Sunday 12 February 2017

Too many choices: blessing, paradox or a curse?

"Psychologist Barry Schwartz takes aim at a central tenet of western societies: freedom of choice. In Schwartz's estimation, choice has made us not freer but more paralyzed, not happier but more dissatisfied."

This Ted talk is such a "must" listen, both educational and comical...You'd be surprised how universal this observation is from buying an item to zeroing on retirement goals. By suffering from "analysis paralysis", progress, if any, is snail-paced. How about agility?...get started with something and adjust the direction as we go along (agile methodology), whether household budgeting, investing or a start up.

Got surplus cash at the end of each month, now what?

Do something about it or let the compounding inflation eat it! Investing comes to mind, but with so many choices where to start. Try googling or asking for investment options at your bank or googling. They'll tell you so many options that you'll either pick one confused, or suffer from "analysis paralysis". In contrast to traditional financial planners that tell you to start from your retirement goals, I say Jump Start investing and adjust the direction as you go along.

Sunday 5 February 2017

Ballpark budgeting for the busy!!!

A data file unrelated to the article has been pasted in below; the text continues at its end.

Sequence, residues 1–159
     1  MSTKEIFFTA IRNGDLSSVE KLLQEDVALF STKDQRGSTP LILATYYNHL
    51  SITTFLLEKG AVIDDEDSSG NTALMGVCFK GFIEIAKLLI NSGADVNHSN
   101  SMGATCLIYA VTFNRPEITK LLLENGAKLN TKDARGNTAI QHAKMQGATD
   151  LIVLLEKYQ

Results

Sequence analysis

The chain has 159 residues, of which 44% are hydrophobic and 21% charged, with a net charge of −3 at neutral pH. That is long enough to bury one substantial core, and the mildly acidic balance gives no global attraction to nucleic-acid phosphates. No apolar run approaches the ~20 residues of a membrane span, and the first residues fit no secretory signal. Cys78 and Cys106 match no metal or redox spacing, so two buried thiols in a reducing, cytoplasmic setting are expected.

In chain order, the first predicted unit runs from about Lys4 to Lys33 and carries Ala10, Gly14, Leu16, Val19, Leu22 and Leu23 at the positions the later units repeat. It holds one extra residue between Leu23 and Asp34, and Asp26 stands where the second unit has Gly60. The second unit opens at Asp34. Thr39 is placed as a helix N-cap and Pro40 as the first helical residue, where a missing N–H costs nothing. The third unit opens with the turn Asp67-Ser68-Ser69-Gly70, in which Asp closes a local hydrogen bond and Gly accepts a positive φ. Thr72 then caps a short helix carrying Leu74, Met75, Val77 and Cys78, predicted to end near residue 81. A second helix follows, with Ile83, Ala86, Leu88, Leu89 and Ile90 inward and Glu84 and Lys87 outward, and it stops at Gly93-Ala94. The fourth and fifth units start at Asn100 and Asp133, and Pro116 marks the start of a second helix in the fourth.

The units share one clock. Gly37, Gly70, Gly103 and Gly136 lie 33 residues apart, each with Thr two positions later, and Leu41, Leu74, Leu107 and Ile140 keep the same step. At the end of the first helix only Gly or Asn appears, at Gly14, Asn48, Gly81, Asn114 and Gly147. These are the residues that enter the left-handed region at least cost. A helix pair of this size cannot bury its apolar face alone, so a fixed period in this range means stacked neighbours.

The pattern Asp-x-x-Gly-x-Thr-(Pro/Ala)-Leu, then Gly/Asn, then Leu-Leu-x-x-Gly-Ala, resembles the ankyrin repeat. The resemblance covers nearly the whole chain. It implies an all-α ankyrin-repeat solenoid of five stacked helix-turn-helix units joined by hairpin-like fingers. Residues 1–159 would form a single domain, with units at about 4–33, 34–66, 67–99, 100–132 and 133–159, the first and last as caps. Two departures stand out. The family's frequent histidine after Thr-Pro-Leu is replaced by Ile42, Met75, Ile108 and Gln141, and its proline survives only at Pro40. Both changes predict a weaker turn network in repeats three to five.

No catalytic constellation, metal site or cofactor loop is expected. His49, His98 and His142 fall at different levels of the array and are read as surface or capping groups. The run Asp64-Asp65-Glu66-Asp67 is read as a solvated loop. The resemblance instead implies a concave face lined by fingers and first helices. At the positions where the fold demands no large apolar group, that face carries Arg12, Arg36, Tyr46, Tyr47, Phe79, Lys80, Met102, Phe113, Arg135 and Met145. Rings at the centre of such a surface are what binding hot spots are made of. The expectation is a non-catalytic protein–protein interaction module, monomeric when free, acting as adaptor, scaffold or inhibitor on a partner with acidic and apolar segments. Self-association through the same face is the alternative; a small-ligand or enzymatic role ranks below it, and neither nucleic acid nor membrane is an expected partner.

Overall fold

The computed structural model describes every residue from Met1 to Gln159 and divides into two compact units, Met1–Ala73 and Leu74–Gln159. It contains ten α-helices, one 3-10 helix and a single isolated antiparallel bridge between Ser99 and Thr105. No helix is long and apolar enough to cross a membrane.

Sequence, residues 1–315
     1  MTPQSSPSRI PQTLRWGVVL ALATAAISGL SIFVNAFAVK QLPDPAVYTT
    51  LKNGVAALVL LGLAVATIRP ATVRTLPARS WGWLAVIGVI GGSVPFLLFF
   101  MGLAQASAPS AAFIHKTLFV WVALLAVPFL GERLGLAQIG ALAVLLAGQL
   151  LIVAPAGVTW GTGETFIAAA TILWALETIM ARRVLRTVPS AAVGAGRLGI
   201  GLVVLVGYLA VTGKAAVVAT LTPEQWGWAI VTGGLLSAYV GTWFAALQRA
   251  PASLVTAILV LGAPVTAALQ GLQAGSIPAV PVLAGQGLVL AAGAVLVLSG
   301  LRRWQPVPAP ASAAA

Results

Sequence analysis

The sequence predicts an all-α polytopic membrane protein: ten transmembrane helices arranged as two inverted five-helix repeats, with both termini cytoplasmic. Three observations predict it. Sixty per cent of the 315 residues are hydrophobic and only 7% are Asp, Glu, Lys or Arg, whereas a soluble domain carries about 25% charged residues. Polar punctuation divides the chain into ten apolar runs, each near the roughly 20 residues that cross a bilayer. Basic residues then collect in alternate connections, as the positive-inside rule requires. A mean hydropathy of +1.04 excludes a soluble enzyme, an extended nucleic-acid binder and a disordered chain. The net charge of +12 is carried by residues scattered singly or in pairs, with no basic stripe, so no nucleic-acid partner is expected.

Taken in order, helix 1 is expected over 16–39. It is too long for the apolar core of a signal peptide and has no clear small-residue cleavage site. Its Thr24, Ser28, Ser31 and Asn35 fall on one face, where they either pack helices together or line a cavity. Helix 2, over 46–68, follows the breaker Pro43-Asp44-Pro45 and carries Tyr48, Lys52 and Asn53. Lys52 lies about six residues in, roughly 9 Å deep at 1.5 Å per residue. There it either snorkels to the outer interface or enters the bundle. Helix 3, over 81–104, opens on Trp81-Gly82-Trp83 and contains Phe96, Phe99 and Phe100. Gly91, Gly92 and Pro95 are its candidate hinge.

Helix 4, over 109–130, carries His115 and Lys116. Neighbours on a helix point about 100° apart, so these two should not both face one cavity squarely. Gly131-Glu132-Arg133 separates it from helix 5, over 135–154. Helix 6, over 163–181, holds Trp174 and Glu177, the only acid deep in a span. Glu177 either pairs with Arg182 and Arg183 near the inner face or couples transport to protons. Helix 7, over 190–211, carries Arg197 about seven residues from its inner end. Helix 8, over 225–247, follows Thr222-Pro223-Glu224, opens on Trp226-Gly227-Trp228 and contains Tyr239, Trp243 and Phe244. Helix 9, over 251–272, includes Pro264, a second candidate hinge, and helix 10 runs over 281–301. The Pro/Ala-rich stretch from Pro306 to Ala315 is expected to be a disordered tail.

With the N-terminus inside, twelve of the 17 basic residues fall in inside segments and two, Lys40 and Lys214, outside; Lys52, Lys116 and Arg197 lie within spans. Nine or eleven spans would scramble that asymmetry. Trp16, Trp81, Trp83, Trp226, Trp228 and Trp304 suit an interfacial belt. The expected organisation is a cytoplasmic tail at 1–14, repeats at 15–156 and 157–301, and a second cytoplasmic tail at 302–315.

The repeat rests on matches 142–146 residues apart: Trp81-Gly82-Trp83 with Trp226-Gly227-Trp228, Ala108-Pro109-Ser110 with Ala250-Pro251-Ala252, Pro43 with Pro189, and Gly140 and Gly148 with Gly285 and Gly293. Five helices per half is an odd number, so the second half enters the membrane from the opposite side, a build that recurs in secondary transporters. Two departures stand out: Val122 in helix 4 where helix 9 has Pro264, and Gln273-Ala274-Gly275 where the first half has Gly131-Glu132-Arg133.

We can go nuts accounting for the budgets and expenses. Frankly it is needed for the people who have no idea where their money is going, says Moneysense. Meanwhile, my partner (Sanaa) and I did it during my PhD years out of dire need. Now, we do it to stay on top of our expenses. However, it burns too many cycles. I think once the expenses are figured out then there is no need for "nit picking". Ball park budgeting is fine. Only need to pay attention when the expenses are "out of whack" compared to the budget. Similar sentiments are voiced by MoneySense Nov 2016 issue.

Other budgeting applications and calculators?

Existing work on budgeting applications is usually aimed at accounting for existing expenses or spending, and require elaborative input from the user. The extensive input is a hefty and time consuming task often requiring a sign up or a downloading a spreadsheet. In turn, the budgeting exercise transforms into a summing up of incomes and expenses -- shadowing standards for actual budgeting. Meanwhile, our work proposes a budget with only a few parameters, requires no detailed input or sign up. The key selling point of our work is that the budget is drawn based on standard guidelines and best practises that emerge from various governmental and financial institutions. Other work integrates with third party services e.g. bank accounts on user's behalf presenting a single portal to account for all their expenses. While admirable and perhaps leading, this requires a personally identifiable information or pii and poses risk of breach. Our work does not require any pii. We also propose concrete steps to reduce spending in an particular category, something that is in scarcity in the related work. Equally importantly, we propose how to utilize surplus cash.